As opposed to single words, collocations can be quite difficult to transform into a base form that is present in WordNet.  In general, only base forms of words, even those comprising collocations, are stored in WordNet, such as attorney general.  Transforming the collocation attorneys general is then simply a matter of finding the base forms of the individual words comprising the collocation. This usually works for nouns, therefore non-conforming nouns, such as customs duty are presently entered in the noun exception list.

Verb collocations that contain prepositions, such as ask for it, are more difficult.  As with single words, the exception list is searched first.  If the collocation is not found, special code in Morphy determines whether a verb collocation includes a preposition. If it does, a function is called to try to find the base form in the following manner.  It is assumed that the first word in the collocation is a verb and that the last word is a noun.  The algorithm then builds a search string with the base forms of the verb and noun, leaving the remainder of the collocation (usually just the preposition, but more words may be involved) in the middle.  For example, passed asking for it, the database search would be performed with ask for it, which is found in WordNet, and therefore returned from Morphy.  If a verb collocation does not contain a preposition, then the base form of each word in the collocation is found and WordNet is searched for the resulting string.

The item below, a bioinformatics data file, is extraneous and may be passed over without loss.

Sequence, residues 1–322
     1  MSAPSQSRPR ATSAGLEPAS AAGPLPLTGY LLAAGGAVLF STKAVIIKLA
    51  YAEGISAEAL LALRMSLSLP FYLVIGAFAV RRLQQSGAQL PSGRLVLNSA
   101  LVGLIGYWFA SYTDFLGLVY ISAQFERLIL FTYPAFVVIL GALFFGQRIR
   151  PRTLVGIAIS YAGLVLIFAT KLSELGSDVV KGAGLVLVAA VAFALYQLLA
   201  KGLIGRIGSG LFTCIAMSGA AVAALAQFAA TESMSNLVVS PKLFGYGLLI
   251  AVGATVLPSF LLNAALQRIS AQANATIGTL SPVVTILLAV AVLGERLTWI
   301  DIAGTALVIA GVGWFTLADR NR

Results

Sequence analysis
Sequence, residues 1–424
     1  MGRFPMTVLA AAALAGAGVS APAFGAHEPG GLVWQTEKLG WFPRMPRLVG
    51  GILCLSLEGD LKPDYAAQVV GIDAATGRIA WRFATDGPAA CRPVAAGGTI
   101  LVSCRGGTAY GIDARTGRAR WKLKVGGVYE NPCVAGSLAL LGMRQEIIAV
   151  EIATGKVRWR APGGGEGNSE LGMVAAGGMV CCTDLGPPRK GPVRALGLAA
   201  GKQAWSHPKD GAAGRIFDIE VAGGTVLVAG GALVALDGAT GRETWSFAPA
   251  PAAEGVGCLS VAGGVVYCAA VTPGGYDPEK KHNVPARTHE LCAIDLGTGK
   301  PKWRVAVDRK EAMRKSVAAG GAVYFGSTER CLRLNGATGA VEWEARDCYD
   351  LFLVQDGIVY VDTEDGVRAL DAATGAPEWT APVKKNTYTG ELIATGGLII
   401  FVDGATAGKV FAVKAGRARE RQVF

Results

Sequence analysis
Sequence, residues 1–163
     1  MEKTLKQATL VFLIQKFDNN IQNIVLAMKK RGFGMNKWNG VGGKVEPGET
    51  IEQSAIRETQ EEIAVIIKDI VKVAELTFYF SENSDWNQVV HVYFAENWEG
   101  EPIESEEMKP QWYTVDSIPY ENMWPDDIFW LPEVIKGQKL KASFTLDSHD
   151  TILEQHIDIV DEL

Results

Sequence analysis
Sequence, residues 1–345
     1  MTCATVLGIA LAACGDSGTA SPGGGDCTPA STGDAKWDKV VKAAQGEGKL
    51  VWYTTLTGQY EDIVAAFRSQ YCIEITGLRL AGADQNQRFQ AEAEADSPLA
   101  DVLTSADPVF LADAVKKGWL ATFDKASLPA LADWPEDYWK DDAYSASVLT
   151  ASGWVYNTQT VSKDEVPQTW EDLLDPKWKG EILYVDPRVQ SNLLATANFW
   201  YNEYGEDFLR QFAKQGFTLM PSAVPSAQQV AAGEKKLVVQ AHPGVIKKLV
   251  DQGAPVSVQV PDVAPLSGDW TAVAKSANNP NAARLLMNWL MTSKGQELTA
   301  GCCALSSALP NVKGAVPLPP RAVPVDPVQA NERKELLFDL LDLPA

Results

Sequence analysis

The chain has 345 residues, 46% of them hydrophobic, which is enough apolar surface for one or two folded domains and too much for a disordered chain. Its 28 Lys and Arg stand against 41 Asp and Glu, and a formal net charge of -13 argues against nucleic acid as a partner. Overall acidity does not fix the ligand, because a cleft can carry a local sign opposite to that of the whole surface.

Hyphenation also presents special difficulties when searching WordNet. It is often a subjective decision as to whether a word is hyphenated, joined as one word, or is a collocation of several words, and which of the various forms are entered into WordNet.  When Morphy breaks a string into "words", it looks for both spaces and hyphens as delimiters.  It also looks for periods in strings and removes them if an exact match is not found.  A search for an abbreviation like oct. return the synset for { October, Oct }.  Not every pattern of hyphenated and collocated string is searched for properly, so it may be advantageous to specify several search strings if the results of a search attempt seem incomplete.

Special Processing for nouns ending with 'ful'

Morphy contains code that searches for nouns ending with ful and performs a transformation on the substring preceeding it.  It then appends 'ful' back onto the resulting string and returns it. For example, if passed the nouns boxesful, it will return boxful.


Since many noun collocations contains prepositions, such as line of products, an algorithm similar to that used for verbs should be written for nouns.  In the present scheme, if Morphy is passed lines of products, the search string becomes line of product, which is not in WordNet

Morphy will allow non-words to be converted to words, if they follow one of the rules described above.  For example, it will happily convert plantes to plants.

Environment Variables (Unix)


Base directory for WordNet.  Default is /usr/local/WordNet-3.0.


Directory in which the WordNet database has been installed.   Default is WNHOME/dict.

Registry (Windows)


Base directory for WordNet.  Default is C:\Program Files\WordNet\3.0.



morphology exception lists

See Also

wn(1), wnb(1), binsrch(3), morph(3), wndb(5), wninput(7).

Referenced By

morph(3), wn(1), wnb(1), wndb(5), wnintro(7).

Dec 2006 WordNet 3.0 WordNet™